Laney Ivey

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Mary Jackson, a twenty-eight-year lactation consultant veteran, saw her ability to pursue her passion and her livelihood slip away with the passing of the Georgia Lactation Consultant Practice Act (Act) in 2016. Under the Act, the International Board Certified Lactation Consultant (IBCLC) certification is required by the state of Georgia in order to be considered a licensed lactation consultant. Due to her lack of an IBCLC certification, Jackson, a Certified Lactation Counselor (CLC), cannot legally perform her job, where she provides crucial lactation support to families and mothers at Grady Memorial Hospital. This Act is one of many the Georgia General Assembly passed over the years in an attempt to expand regulations on occupational licensing in Georgia. However, instead, this Act detrimentally dampened the right of Georgians to pursue the career path of their choosing in lactation care and services.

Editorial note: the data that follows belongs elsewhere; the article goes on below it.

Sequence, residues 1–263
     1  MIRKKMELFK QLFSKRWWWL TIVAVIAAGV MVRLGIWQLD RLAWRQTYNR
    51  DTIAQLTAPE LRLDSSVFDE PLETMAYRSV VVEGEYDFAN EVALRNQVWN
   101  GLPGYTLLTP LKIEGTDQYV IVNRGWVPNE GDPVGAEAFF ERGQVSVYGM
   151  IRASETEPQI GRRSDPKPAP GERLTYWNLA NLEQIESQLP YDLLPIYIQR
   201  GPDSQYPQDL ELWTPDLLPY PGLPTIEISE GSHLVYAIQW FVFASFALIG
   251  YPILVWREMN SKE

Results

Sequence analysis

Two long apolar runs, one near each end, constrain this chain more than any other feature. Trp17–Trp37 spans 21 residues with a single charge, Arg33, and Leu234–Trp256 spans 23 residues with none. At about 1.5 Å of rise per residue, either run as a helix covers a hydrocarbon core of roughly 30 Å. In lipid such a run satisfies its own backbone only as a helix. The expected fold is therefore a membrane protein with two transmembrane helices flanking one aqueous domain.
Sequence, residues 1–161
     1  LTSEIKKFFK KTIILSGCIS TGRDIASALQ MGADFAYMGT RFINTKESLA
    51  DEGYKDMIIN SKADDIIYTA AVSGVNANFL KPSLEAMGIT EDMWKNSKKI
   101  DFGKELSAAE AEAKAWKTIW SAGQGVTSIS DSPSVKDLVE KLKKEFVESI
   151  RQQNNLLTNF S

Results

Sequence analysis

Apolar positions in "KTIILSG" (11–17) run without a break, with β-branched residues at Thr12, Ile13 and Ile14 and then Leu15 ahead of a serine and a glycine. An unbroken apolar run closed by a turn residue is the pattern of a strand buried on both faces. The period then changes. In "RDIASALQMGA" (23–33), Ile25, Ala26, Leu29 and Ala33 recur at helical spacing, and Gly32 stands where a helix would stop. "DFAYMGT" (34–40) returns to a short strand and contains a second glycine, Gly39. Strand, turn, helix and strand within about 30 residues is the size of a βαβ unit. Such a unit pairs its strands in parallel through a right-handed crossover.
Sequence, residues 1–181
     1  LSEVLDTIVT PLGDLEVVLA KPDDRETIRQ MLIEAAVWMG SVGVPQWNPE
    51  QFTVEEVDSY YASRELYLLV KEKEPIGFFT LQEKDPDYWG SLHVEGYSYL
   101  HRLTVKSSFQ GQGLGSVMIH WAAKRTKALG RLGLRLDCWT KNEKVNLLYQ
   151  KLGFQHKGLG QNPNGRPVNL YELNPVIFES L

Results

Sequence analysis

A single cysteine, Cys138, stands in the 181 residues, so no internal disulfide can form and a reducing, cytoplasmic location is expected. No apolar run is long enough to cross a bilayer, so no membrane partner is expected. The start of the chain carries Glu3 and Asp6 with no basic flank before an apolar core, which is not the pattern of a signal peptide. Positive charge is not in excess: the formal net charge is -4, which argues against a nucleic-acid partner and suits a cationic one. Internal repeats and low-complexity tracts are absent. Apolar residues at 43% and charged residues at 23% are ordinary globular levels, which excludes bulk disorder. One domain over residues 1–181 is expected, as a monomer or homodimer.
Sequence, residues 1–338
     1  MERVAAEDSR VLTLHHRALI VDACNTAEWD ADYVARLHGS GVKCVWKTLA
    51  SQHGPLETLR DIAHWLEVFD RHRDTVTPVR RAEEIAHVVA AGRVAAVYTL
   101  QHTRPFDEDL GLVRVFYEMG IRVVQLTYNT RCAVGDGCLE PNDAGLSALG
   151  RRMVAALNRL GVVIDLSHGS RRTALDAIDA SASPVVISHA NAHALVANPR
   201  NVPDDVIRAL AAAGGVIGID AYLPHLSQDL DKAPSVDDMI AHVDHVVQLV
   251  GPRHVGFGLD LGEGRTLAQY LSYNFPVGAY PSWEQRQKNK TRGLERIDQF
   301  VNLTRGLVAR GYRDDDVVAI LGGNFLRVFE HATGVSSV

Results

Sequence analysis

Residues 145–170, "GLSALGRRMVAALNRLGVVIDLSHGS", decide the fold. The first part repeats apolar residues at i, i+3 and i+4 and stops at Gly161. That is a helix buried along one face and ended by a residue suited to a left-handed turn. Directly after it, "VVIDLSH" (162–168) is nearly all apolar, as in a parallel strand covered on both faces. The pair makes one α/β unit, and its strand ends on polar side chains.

The battle between the police powers of the State and the right of citizens to freely choose their profession has been a conflict ranging over many centuries with roots in the authorities and rights granted by both the U.S. Constitution as well as the Georgia Constitution. This battle has taken a modern approach as courts now seek to address whether the police powers granted to the State outweigh the constitutional rights of Georgians to pursue the occupation of their choice and to receive equal treatment along with those who fall into the same class. The Georgia Supreme Court delved into this constitutional dilemma once again in Jackson v. Raffensperger, when it addressed whether the Georgia Lactation Consultant Practice Act violated the Due Process Clause and Equal Protection Clause of the Georgia Constitution. Relying on precedent, the court reaffirmed Georgians, specifically CLCs like Jackson, that their passion will not go to waste because they have the unwavering right to pursue a career in the occupation of their choosing free from unreasonable government interference. Likewise, the court reaffirmed the right of CLCs to be treated similarly to those with an IBCLC certification.